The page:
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Bridging education gaps in communities

By Ian Katusiime

New schools strive to offer quality education at minimal fees

In Nabaziza, Kyengera about 9kms from central Kampala, 205 pupils from the community are attending school in newly built structures. Their teachers are dressed in lime green T-shirts and black pants and refer to their notes on tablet computers. Everything appears exciting for the young minds grappling with the basics of mathematics, science, English and so on.

This is at Bridge Academy International-Nabaziza, one of the many centres Bridge Academy has established in Uganda in one year – 2015.

The classes are small.

“In the first week of opening we had 20 children in each class,” says Juliana Musaaazi, the Administration Manager of the Bridge Schools, “We are building trust.”

Griffin Asigo, the Regional Manager of the Academy in Uganda says the philosophy of the school is ‘Knowledge for all. Every child can learn’. Asigo says the philosophy is meant to reinforce their belief that so many school going children in Uganda have a lot of potential but often drop out because they lack simple education requirements – like school fees.

A teacher at Bridge Academy conducts a lesson using a PC tablet. INDEPENDENT/IAN KAT USIIME

So Bridge Academies start with a financing model that ensures children pay at the lowest cost possible. The ‘baby class’ pays Shs83,500 which is a tiny fraction of what an average kindergarten in Kampala would charge for attending to a child. Asigo says a Primary One pupil is charged Shs95,400 and Shs105, 200 for Primary Five. Asigo says that Bridge’s financing model is meant to help poor families send their children to school at affordable fees.

Bridge currently runs classes from kindergarten level up to Primary five.

“We even give them allowances and in turn, they give us a commitment. Our plan is to have as many pupils as possible to enrol using this model,” Asigo says.

The other way is to integrate modern day technology into education. So the teachers use tablet computers which have downloads of the national curriculum. The tablet computers are also functional tools; for daily tasks like signing in for their day and acknowledging extracurricular school duties.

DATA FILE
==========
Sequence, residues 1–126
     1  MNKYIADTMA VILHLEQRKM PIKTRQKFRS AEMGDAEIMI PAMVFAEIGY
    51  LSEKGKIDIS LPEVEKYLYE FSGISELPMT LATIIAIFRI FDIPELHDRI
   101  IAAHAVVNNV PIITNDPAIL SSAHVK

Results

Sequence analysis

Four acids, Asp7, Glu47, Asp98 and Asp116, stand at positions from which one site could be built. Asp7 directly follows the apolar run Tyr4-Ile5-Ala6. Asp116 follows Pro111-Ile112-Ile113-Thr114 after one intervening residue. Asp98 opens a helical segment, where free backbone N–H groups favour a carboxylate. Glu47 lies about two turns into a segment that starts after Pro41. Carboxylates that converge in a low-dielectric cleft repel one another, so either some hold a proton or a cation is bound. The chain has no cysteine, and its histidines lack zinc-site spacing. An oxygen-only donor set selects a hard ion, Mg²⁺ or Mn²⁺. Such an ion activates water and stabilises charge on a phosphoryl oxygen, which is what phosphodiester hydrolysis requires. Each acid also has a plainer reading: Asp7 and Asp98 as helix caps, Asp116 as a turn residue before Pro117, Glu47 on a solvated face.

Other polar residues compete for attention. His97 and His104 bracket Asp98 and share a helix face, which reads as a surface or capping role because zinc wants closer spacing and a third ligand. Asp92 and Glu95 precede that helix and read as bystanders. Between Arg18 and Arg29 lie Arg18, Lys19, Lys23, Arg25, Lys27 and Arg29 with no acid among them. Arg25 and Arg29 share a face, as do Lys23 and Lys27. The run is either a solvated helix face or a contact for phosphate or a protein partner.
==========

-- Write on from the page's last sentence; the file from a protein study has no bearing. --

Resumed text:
Bridge Academies have an app where information on pupils, teachers, the school’s suppliers, classes and all management notices can be accessed.

“Technology lowers the costs on running the academy. It standardises the running of operations and to track the trends,” says Asigo. He says through the tablets, management is done centrally in spite of the technology challenges some teachers are yet to adapt to.

Leticia Nabatanzi, a six-year old, attends the school. Her parents say the new school is the only chance their child has at getting an opportunity to compete with other students in the country.

Despite its noble objectives, the Bridge model creates some challenges. One of these is that since most of the children come from very low income homes, they are mostly comfortable speaking their mother tongue and teachers have a problem of communicating to them in English.

Abas Kabanda, one of the teachers at Bridge says since some of the children moved to the school from other schools and, therefore, backgrounds. This means extra time is required for teachers to attend to each of them and make them gel as a unit.

Kabanda has been teaching for six years but Bridge rules require that, despite his wide experience, he has to be retrained. So he had to spend some time at Mukono Town Academy where together with other trainees, he was given extra tutorship for meet Bridge Standards.

But Kabanda is one of the few teachers with some experience. Most of the school’s teachers are recruited direct from Parent Teacher Colleges.

Bridge Academies set up in Uganda in 2015 and are set to sit their first PLE class in 2017.  Currently, there are 49 Bridge Academy centres in the country and they hope to have 100 by the end of the year, says  Musaaazi.

The schools are spread out across the four regions of Uganda, with averaging 200 pupils with 8 teachers.

Asked whether there are any additions to the curriculum to set the school apart from the set Ugandan curriculum, Asigo says they decided to use the Ugandan curriculum because it would take a lot for the children to adapt to a foreign curriculum.

Bridge Academy has 400 academies in Kenya and is widely established across Africa according to the administrators. The school was founded by Jay Kimmelman and Shannon May, an American couple. The other partners of the school include Commonwealth Development Corporation Group, a UK development finance institution, Facebook founder Mark Zuckerberg and Microsoft Chairman Bill Gates.

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